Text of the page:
This happens: Reese is married. Reese enjoys shopping but isn’t always completely honest about what was bought or how much money was spent.
Society says: It’s not ideal. Still, people fudge the truth about money all the time. Reese’s partner shouldn’t end the marriage over it. They should work it out.
This happens: Jordan is married. One day at an office party, Jordan flirts with a co-worker and they wind up making out.
Society says: What a douche! Trust has been irrevocably broken. Jordan’s partner is totally justified in leaving this terrible marriage.
Illness vs. STIs
This happens: Sam gets the flu after sharing a big bowl of popcorn with a friend who had the flu.
Society says: We hope Sam feels better soon. The flu sucks but what can you do? Sharing food is normal. These things happen.
This happens: Alex contracts chlamydia after having sex with a friend who had chlamydia.
Society says: Alex has an sexually transmitted infection. How embarrassing! And gross! Alex is probably SOOO ashamed but too bad. These are the risks you take when you have sex.
Straight vs. Queer
This happens: A man and a woman are sitting on a bench near a playground full of children, holding hands. They share a quick kiss on the lips.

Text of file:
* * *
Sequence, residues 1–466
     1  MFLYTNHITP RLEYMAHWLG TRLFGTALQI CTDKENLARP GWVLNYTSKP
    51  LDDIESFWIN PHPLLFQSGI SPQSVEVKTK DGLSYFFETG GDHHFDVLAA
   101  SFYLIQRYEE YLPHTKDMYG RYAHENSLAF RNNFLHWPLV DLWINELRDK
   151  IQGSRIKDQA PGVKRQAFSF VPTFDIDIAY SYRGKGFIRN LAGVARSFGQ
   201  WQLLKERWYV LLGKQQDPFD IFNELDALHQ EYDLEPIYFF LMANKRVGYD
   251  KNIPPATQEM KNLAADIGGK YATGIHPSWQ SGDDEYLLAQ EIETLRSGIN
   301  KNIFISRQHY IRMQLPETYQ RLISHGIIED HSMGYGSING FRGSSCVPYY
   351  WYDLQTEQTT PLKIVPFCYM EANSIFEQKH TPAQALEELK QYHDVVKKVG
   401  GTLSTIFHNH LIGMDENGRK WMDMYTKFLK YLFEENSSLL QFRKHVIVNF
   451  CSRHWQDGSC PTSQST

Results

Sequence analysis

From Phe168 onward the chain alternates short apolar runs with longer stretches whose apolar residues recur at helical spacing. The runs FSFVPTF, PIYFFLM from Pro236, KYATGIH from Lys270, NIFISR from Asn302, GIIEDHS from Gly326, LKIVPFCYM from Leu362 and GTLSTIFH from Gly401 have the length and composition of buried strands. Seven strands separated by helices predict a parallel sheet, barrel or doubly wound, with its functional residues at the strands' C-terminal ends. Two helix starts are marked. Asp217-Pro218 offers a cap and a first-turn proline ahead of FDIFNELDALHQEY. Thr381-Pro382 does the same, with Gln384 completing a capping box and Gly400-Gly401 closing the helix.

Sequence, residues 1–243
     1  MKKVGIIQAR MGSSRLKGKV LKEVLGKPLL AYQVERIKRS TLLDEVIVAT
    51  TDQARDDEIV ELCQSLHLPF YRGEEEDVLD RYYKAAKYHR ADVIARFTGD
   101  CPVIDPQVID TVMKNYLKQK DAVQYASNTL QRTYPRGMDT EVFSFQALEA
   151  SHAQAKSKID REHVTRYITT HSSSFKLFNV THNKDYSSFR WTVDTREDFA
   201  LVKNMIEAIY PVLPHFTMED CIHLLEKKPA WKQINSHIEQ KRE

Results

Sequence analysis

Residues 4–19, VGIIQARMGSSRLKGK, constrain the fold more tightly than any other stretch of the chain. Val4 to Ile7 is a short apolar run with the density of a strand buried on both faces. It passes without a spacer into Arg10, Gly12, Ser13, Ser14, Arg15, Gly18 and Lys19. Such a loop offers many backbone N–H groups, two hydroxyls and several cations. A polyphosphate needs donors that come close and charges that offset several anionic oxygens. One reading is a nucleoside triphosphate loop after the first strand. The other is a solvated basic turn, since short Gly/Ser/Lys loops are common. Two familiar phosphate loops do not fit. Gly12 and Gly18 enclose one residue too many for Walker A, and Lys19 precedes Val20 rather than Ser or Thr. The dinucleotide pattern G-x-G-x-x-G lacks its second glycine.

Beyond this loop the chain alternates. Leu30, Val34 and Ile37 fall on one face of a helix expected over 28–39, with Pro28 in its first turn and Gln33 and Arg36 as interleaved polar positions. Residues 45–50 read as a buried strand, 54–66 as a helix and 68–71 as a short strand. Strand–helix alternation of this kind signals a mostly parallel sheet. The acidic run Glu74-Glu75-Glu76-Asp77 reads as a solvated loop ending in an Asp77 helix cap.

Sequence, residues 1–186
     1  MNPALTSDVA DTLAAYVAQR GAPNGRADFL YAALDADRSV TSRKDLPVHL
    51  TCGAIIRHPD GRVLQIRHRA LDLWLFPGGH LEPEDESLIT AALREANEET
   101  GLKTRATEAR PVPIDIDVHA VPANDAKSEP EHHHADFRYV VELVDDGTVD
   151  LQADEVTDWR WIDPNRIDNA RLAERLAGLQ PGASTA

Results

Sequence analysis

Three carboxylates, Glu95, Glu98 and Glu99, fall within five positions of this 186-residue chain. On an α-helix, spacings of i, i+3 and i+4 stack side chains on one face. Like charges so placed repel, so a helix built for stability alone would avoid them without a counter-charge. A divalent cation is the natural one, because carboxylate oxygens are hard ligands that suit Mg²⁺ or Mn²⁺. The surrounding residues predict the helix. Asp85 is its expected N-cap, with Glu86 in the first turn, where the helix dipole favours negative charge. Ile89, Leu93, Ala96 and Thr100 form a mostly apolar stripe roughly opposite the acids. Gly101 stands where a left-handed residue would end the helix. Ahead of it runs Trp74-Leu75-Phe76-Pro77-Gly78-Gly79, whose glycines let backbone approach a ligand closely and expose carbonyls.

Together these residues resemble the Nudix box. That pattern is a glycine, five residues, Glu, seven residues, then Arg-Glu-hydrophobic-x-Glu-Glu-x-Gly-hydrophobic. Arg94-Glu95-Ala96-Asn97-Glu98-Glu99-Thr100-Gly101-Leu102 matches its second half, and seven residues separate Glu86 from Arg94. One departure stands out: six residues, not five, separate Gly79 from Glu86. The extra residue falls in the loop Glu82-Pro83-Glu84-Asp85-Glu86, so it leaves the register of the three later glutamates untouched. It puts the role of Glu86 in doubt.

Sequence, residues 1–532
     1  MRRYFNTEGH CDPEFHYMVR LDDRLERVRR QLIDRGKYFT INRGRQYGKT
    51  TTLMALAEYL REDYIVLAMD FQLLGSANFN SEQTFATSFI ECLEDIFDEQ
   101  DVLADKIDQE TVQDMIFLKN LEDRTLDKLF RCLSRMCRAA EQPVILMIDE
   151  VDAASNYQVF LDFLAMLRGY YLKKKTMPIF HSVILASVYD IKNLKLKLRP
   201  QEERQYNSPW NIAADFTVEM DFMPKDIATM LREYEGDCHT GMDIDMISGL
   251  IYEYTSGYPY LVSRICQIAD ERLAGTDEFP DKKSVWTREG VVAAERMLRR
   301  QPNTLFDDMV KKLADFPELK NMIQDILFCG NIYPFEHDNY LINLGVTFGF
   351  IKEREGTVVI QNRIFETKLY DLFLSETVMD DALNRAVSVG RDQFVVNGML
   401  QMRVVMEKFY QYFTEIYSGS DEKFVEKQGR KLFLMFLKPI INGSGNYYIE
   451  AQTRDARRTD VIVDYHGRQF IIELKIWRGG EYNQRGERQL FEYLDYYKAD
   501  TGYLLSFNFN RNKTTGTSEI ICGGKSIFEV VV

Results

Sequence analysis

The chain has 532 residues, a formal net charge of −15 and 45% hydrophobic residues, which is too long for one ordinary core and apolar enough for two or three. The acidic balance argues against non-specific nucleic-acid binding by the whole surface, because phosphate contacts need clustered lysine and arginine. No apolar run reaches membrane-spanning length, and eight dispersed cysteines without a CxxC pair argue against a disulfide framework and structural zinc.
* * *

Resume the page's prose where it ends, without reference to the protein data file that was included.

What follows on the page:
Society says: That’s nice. If the children have questions, their parents will probably offer some simplified explanation like “those people are in love,” with age-appropriate answers to any follow-up questions. This will make everyone happy…especially the children.
This happens: Two people of the same gender on a bench near a playground full of children, holding hands. They share a quick kiss.
Society says: Inappropriateness! Now the children will ask questions! Queer people are only defined by the type of sex they have, so we can’t possibly explain what just happened without opening a big Pandora’s box of sexual orientation and activity. That couple have no right to be smooching here! It’s confusing for the children! WON’T SOMEONE PLEASE THINK OF THE CHILDREN?
Bankers vs. Hookers
This happens: Pat needs money to live. Pat works as a mortgage broker at the bank. Pat has no particular love of money or financial transactions but they are good at it. Pat does not feel any strong connection to clients when processing their mortgage applications.
Society says: Pat is a responsible, productive member of society. Being paid to do math is totally respectable. Working in a bank is fine, even when you don’t love it. Pat’s gotta do what Pat’s gotta do.
This happens: Sal needs money to live. Sal works as a prostitute in a brothel. Sal does not have great passion for every client but is sexually skilled. Sal does not form strong emotional connections with clients after having sex with them.
Society says: Sal is an amoral, destructive member of society. No self-respecting person would ever accept money for sex. Having sex with someone without any significant emotional investment is soul-destroying. Sal is all scarred and damaged, yo!